As feared, the looming clouds brought thunder, then they brought lightening, and finally, begrudgingly came the lashings of rain. Experiencing a thunderstorm from inside a tent is quite thrilling, although thankfully this night’s show was one minus the wind. Wind and tents just don’t mix well.
The storm fully started at 4 am (alarm call!), and stopped at about 7 am (actual alarm call!). So this meant time to move - start the coffee, and break down camp. In less than an hour I was out on the road, riding along with my river companion for the last time.
Sprinkling rain introduced itself to the mix, which, given the warm temperature was actually quite pleasant. Like a mobile shower, with passengers in cars taking a good look.
I was heading north, and my first stop was at Springbrook Farm. An organisation is always admired as they value education, and help for children from the city, as much as making their cheese. And their cheese is wonderful. Since I was coming from the south, and coming on a bike, my routing software clearly wanted to make my trip interesting. This means more gravel roads, and more 15% gradients, as well as a road with a sign declaring it ‘grade 4’ use at your own risk.
But, to be fair, there was less traffic, and the scenery was stunning. The night of the storm I was actually pretty close to Mt Ascutney, and even riding early in the morning I was squished between my friend the river and the mountain. Some of the crazy climbs I ended up doing gave me some sensational views of the mountain.
Snippets of the area reminded me of my trip to Switzerland last year, where from rolling hills on one wide of a valley, you could see the Alps staring back. Ascutney was no Alps, but the angry, beautiful glare was the same.
I could tell I was getting closer on my ‘grade 4’ road because I started to see cows. First dotted individuals, before a whole group were looking at me, chewing the cud in the shade, and thinking what crazy person would be doing that.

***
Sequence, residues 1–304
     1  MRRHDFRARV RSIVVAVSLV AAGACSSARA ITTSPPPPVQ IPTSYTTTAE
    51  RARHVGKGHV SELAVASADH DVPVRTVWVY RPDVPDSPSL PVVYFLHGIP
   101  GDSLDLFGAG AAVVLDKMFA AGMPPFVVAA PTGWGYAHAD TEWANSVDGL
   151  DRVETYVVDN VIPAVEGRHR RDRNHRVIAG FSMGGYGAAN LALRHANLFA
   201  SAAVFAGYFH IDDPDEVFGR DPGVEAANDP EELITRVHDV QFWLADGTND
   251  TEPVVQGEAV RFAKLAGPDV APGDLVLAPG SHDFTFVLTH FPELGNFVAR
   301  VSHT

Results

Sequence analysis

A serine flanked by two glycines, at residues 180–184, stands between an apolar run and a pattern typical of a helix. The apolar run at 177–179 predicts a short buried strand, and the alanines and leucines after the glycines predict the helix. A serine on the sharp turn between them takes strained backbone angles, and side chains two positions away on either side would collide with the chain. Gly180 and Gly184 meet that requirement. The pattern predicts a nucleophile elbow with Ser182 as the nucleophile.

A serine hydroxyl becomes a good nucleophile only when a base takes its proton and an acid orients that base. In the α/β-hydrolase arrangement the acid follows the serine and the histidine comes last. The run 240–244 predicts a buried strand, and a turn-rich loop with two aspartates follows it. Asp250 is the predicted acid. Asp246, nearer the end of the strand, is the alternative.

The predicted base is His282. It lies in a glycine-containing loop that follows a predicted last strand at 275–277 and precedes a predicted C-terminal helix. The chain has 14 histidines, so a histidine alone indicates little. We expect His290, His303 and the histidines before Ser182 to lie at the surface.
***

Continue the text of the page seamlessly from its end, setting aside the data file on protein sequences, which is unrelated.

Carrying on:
Unfortunately for me, the facility was closed to the public, due to the public health emergency. I could hear banging around in the cheesemaking room - milking cows never stops, neither does making cheese.
But pausing before the long downhill ahead of me, taking in the scenery, it was clear why Springbrook’s cheese was so good. The environment makes it for them. To replicate some of the European greats (Tarentaise, Raclette) the starting point and every subsequent step has to be of the highest quality. That starting point is the grass, and the hills and valleys around here couldn’t be any better, and richer, or any in tune with their traditional cheesemaking process.
The next stop was Vermont Farmstead, which immediately had a different feel. Offices, and a large cow shed, as opposed to the earlier red barns and milking parlour.
This time I was scuppered by timing. The gentleman informed me that cheesemaking was Monday, Wednesday and Friday. Tuesday was just milking - and the ladies had already been milked (empty udders!) I spent some time with them, side stepping poop, because cows are incredibly characteristic animals. I found one, a small Jersey who was happy to have her nose scratched.
It’s hard to spend time with them and not become affected. Like many mammals.
My two cheese stops were complete and within 50 km, so now the remaining challenge of the day was to ride over the Green Mountains at Killington and navigate to my next campsite in Branbury state park.
The problem was the rain returned. Riding a bike in the rain is not something anyone would really choose to do , but I really had no choice. I had mountains to cross and places to be.
Zipping down to the little town of Woodstock, again mostly hard packed gravel, was my early lunch stop. Woodstock looked like a really next town, a brewery, some cafes, some green space. A cool vibe which I couldn’t stop to inhale, because it was pissing down. Eating my breakfast burrito and downing my cappuccino under an umbrella outside due to social distancing was not the lunch I had imagined.
Pressing on now meant uphill, and accompanied by warm, strong rain. As the day continued, I realized that the clouds were being blown over my head - dropping intermittent downpours on my head - some sort heavy that I had to pull over under a tree. But this southerly movement of the clouds and rain, meant I had the cyclists’ nemesis to deal with as well, a head wind.
All in all, getting up and over the mountains was actually fine, but as I zipped along the farming roads on the other side, where the sun had come out, and the clouds were shouting at me from the south, the continuous grind finally got to me, and I limped the last 15 kms to the State park.
Happily, the park was on the shores of Lake Dunmore, and I had had the foresight to pack swimming trunks. My first shower for a couple of days was a splash in the warm clean water of this mountain lake.
And with no storms forecast for the night, the only thing I need worry about is the bears.
Onward to Shelburne Farms tomorrow!